Nissan, the Japanese car giant, said on Thursday that it has begun to export the group's new Micra model to its home market from its factory in Sunderland, northeast England.
The plant's new Micra C+C convertible would be available in Japan from July, Nissan said in a statement.
In March this year, Nissan's Sunderland car plant exported its first model to Japan in more than a decade -- the Qashqai.
"Coming so soon after Qashqai, this is great news for our plant," said Trevor Mann, Nissan's senior vice president for Manufacturing Europe.
Initially, about 1,500 cars will be shipped to Japan, with customer demand monitored once the car reaches Japanese showrooms in July, Nissan said.
Mann added: "In March, I was explaining how demanding the Japanese market is in relation to Qashqai exports, so to have two of our products competing over there speaks volumes both about the quality of our employees, and the cars they produce."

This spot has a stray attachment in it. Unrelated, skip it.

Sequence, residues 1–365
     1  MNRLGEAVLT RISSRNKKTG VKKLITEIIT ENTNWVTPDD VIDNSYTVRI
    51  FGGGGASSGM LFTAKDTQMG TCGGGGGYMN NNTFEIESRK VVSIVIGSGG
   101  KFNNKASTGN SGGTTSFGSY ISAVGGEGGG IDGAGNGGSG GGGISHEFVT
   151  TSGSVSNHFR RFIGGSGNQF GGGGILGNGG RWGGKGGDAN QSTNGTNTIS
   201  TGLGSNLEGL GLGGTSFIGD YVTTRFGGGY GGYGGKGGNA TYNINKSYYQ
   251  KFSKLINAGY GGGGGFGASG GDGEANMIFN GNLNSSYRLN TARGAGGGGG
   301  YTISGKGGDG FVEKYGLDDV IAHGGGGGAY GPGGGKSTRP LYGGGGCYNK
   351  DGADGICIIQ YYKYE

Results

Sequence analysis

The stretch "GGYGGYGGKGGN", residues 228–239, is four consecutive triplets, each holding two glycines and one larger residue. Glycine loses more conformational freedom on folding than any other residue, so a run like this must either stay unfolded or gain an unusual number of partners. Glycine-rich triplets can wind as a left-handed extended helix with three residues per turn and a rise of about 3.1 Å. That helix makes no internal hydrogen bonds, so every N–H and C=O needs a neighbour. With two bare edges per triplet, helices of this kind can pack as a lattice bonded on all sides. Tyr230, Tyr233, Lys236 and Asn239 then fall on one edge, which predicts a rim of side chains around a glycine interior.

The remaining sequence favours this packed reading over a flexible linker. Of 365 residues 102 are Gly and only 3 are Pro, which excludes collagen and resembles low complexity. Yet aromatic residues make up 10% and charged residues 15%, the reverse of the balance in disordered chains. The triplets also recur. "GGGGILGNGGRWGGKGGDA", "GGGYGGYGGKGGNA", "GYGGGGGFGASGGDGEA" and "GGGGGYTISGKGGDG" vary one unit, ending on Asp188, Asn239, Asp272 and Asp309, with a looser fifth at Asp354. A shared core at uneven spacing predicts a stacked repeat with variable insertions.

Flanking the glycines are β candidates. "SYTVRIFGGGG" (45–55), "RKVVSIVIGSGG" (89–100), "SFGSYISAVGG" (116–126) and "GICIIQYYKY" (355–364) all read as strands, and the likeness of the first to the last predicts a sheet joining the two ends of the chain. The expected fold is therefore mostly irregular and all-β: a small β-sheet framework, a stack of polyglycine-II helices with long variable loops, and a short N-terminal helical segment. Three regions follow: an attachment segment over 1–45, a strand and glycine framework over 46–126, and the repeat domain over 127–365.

Designed, engineered and manufactured in Britain, C+C began rolling off the Sunderland production line in November 2005 following investment totalling 95 million pounds. Since then, more than 23,000 have been exported to more than 45 markets around the world.
The C+Cs bound for Japan are described as "top spec (specification) models," offering keyless entry, leather upholstery and a folding glass roof.
Japanese motorists have been driving the hatchback version of Micra since 2002, but this will be their first opportunity to buy the car in a coupe/convertible form.
The Qashqai, meanwhile, is a hybrid offroad compact car aimed primarily at the European market.
Nissan is Japan's second-largest automaker. Under an alliance with French car-maker Renault agreed in 1999, Renault owns 44.4 percent of Nissan, which in turn owns 15 percent of its French partner.
Nissan's success with the Sunderland plant comes as car factories are being shut elsewhere in England by British and foreign firms owing to supposed high costs.